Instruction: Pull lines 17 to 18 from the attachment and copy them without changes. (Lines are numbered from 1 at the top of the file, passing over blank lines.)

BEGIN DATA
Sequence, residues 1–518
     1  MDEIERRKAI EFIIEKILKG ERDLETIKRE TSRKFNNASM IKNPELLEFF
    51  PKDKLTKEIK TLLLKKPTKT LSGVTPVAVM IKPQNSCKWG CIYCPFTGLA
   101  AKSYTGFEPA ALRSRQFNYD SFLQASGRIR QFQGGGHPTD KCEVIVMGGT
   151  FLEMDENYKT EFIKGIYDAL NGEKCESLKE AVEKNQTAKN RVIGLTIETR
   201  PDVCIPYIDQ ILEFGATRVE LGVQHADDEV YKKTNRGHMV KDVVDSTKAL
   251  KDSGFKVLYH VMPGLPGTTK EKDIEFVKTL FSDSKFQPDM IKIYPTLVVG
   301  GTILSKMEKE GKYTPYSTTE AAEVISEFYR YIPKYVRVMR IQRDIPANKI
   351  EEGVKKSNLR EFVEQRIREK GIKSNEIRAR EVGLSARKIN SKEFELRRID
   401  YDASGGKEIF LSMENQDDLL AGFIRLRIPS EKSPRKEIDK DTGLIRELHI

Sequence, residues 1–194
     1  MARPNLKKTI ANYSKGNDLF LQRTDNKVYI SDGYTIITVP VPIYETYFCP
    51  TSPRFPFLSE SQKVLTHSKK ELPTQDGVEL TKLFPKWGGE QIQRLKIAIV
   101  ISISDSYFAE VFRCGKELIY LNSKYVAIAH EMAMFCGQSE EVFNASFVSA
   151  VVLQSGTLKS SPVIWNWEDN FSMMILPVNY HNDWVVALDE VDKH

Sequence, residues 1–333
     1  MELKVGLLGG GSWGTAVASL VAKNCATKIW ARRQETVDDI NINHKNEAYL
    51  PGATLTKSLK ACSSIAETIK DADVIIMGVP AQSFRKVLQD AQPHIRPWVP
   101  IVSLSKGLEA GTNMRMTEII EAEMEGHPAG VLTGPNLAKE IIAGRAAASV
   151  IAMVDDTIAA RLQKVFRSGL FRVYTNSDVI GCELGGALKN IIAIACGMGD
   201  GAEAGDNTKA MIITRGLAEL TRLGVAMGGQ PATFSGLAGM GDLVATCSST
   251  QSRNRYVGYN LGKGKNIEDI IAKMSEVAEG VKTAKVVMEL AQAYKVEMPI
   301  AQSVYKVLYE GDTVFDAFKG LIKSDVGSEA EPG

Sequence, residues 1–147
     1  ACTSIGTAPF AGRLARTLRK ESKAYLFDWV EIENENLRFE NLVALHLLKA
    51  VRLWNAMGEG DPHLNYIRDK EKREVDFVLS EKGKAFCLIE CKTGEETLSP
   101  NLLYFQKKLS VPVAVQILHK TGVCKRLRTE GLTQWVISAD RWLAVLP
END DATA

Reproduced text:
     1  MELKVGLLGG GSWGTAVASL VAKNCATKIW ARRQETVDDI NINHKNEAYL
    51  PGATLTKSLK ACSSIAETIK DADVIIMGVP AQSFRKVLQD AQPHIRPWVP